HIPPOS in South America are filling a huge hole.

When the Colombian drug kingpin Pablo Escobar died in 1993, his four African Hippos were forgotten. But field and ponds along the the Magdalena River, in a landscape that never had real before, suited them.

Their population as many as 80 animals now, could reach 5,000 by 2050.

Other herbivores are showing up in unexpected places, In Australia, feral camels roam the outback. Antelope are common sight in rangelands from Texas to Patagonia. And feral hogs are everywhere.

Conventional wisdom holds that these animals are causing new, and damaging, problems for ecosystems. But a new study argues that the lifestyles of these creatures may be restoring the ecological functions of species lost to extinction during the last ice age.

Beginning 100,000 years ago, extinctions claimed many large animals. Researchers suspected the loss these megafauna may have left holes in the food webs and other cycles of the ecosystems where they lived, particularly the Americas and Australia.

''We found that, amazingly, the world is more similar to the pre-extinction past when introduced species are included,'' said the ecologist Erik Lundgren, the study's lead author. [Asher Elbein]

VAMPIRES : Sharing The Feast.
At the dinner table, vampire bats make sure their friends don't go hungry.

Vampire bats don't have the best reputation. And despite the value of hats and their great variety - they make up about a quarter of all mammal species - not everyone loves them.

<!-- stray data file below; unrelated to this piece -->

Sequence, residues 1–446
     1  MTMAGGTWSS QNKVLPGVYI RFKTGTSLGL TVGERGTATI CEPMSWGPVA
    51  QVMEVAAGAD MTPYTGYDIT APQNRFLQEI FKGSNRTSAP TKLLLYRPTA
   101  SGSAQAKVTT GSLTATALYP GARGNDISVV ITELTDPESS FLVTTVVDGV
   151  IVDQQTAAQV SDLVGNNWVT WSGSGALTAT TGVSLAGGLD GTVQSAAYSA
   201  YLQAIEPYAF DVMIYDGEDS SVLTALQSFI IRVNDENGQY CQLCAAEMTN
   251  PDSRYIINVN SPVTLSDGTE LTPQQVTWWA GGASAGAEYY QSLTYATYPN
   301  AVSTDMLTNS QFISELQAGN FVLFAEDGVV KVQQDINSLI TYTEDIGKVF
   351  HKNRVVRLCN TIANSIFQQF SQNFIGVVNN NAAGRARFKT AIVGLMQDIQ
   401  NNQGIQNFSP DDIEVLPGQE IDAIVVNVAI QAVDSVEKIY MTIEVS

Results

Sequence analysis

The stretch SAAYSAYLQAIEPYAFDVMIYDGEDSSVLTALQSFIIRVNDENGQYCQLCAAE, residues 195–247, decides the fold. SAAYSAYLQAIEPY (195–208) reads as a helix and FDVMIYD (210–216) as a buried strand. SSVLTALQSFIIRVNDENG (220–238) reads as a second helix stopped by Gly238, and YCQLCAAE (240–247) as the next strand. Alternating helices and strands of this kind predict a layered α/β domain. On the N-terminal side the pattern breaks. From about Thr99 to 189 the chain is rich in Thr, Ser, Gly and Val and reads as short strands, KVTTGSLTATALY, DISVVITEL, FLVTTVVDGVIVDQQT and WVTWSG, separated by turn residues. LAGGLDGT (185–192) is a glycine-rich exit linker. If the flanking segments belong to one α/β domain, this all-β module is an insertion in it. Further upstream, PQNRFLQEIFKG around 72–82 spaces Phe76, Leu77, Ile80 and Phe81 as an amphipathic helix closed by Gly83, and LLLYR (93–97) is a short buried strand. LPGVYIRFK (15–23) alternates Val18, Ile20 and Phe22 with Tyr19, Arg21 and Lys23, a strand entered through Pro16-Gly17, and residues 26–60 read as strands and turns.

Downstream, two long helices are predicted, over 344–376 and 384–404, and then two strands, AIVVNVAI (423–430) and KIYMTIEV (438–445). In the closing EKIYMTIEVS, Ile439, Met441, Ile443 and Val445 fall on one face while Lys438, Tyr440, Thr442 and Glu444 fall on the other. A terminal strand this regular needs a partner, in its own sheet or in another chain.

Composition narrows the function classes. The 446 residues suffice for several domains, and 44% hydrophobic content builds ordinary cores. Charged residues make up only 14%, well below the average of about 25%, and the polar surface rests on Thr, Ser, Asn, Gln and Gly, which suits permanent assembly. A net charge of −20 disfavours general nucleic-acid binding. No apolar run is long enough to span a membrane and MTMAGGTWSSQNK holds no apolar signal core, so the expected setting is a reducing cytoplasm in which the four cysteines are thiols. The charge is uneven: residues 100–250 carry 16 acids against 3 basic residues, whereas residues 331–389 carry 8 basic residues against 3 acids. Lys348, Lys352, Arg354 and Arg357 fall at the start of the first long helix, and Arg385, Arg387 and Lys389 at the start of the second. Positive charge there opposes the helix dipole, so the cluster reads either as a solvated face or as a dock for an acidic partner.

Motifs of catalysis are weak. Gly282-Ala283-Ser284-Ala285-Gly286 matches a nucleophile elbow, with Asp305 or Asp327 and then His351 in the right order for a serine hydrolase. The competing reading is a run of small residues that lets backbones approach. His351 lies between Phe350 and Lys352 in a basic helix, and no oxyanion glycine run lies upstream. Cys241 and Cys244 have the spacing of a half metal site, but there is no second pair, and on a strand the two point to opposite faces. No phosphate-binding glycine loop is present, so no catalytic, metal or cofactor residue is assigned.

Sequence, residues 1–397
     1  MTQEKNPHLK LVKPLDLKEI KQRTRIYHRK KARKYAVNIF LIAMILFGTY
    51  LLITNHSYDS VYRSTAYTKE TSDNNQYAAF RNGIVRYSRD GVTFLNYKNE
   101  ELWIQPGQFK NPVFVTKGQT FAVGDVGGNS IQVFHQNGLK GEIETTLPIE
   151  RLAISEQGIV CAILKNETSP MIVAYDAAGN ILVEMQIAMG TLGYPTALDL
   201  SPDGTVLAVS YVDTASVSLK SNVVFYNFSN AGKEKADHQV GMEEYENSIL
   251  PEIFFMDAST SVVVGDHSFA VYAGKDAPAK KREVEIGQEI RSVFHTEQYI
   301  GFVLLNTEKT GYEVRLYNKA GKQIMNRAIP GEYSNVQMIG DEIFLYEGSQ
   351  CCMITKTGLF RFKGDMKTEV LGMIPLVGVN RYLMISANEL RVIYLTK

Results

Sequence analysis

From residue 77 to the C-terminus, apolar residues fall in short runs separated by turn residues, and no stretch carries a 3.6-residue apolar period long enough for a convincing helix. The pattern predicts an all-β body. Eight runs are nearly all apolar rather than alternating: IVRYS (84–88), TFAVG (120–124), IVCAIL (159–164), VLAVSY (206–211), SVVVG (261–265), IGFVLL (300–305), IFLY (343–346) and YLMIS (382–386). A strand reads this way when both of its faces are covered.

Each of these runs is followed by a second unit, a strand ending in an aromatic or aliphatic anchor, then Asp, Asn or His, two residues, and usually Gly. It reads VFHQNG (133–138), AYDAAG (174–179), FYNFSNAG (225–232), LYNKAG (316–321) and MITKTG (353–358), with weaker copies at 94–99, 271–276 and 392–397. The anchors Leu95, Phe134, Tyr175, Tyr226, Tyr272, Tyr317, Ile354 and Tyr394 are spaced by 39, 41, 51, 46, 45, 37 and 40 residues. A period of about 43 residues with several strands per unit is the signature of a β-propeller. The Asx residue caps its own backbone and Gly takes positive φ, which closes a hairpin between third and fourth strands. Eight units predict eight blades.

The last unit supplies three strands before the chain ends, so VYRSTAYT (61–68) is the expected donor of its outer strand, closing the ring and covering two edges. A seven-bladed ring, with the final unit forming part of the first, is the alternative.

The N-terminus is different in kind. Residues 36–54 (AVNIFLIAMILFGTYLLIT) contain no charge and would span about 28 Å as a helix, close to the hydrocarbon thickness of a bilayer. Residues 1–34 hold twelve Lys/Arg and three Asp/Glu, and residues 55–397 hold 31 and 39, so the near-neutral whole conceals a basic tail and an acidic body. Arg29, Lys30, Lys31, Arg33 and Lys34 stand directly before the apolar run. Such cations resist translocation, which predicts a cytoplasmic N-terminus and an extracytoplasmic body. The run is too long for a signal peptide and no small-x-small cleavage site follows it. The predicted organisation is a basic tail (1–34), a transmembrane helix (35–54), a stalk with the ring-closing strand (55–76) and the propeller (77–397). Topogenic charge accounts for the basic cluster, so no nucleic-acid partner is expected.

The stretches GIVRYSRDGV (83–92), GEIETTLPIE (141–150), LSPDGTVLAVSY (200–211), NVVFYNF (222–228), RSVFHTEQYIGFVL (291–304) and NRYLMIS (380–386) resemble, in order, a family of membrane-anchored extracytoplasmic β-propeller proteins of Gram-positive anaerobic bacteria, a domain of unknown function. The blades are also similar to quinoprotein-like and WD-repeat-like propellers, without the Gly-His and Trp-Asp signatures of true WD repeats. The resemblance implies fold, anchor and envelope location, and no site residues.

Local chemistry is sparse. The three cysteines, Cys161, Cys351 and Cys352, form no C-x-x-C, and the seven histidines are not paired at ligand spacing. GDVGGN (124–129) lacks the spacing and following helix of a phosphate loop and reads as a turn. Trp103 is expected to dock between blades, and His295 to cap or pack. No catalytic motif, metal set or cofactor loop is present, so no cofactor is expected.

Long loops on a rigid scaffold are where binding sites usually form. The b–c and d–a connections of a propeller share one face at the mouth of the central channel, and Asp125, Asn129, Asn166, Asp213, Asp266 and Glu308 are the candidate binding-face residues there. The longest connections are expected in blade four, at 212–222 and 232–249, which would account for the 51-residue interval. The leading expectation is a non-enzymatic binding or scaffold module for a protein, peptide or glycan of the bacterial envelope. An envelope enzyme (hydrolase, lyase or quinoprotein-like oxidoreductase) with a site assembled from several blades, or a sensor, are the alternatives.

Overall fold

But bats are not like Dracula, nor any of his fellow blood friends. Vampire bats are, in fact, the soul of cooperation. Like good toddlers, they have learned to share. For the bats their lives depend on it.

IF a vampire bat drinks from a cow's ankle one night, it is likely to share that meal with another bat.

Vampire bats usually share what they've drunk with other members of their female-led families. But they also extend the blood-sharing habit no other bats that they create close bonds with, even though they have nothing common genetically.

Gerald Carter, a behavioral ecologist at Ohio State University who studied cooperation in vampire bats, reported in Current Biology that an experiment in his lab showed that bats build friendships gradually, as other bats show they are reliable. [James Gorman]

The honor and serving of the latest research on Tipping Ecological Scales, continues. The World Students Society thanks the authors.


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